BOSTON (CBS) – It seems as if most of us are struggling to make sense of what has happened around here this week. However we might want to apply some context by comparing it with other mass murders, we can’t and shouldn’t compare the Marathon attack with anything else, at least not yet.
But I couldn’t help noticing that Tuesday, as we all reacted to the bombings, was the 50th anniversary of another reaction to another set of bombings, Dr. Martin Luther King Jr.’s famous “Letter from Birmingham Jail.”
Listen to Jon’s commentary:
Dr. King had been locked up after leading non-violent protests against the culture of racial violence in Birmingham, Alabama, a place where the homes of local black families were firebombed at a rate of about one every other month. He found this intolerable.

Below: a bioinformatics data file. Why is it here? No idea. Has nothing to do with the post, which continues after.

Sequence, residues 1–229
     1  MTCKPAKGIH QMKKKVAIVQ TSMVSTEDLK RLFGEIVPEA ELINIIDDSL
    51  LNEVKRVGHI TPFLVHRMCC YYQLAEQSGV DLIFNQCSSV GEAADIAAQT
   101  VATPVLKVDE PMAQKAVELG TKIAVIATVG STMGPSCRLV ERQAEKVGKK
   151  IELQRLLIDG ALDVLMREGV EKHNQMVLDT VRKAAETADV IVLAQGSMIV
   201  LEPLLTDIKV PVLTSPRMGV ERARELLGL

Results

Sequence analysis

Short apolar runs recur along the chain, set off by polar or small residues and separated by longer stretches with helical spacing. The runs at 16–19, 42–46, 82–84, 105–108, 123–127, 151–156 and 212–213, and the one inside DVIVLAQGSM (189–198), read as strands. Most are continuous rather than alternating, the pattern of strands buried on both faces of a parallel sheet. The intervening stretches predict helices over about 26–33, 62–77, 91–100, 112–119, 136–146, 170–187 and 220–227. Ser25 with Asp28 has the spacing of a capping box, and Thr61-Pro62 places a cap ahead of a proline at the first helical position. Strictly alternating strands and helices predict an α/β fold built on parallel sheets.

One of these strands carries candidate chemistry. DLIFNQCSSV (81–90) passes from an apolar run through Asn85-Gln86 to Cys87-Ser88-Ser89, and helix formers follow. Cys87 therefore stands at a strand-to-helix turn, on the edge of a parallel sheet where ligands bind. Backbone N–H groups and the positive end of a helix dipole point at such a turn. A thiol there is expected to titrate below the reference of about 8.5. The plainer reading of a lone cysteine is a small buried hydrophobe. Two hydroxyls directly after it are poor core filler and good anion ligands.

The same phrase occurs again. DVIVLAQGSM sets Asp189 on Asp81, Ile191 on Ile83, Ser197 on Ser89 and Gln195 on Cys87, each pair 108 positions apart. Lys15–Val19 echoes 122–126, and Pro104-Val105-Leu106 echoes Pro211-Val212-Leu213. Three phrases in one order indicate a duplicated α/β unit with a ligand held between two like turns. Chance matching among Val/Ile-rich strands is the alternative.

So King and his allies fought back, using every legal and moral and economic tool they could find, and they set in motion the end of the corrupt, hate-filled power structure that had adopted violence as a way of life.
I see no reason why we cannot do the same.
Even as we do all we can to spot mass murderers – foreign or domestic – in advance and neutralize them, or, if they slip through, ensure they pay a terrible price for their crimes, we can also redouble our efforts to make so-called every day violence more rare.
There were 58 murders in Boston last year, a decline from previous years and considerably better than other comparable cities. But are we really willing to accept that when it should be every bit as unacceptable as this week’s murders?
While we’re at it, we should also address the morally bankrupt violence in our popular culture, just as Dr. King did when he attacked racism.
He gave our country hope back then, and he’s still a source of it now.
You can listen to Keller At Large on WBZ News Radio every weekday at 7:55 a.m. You can also watch Jon on WBZ-TV News.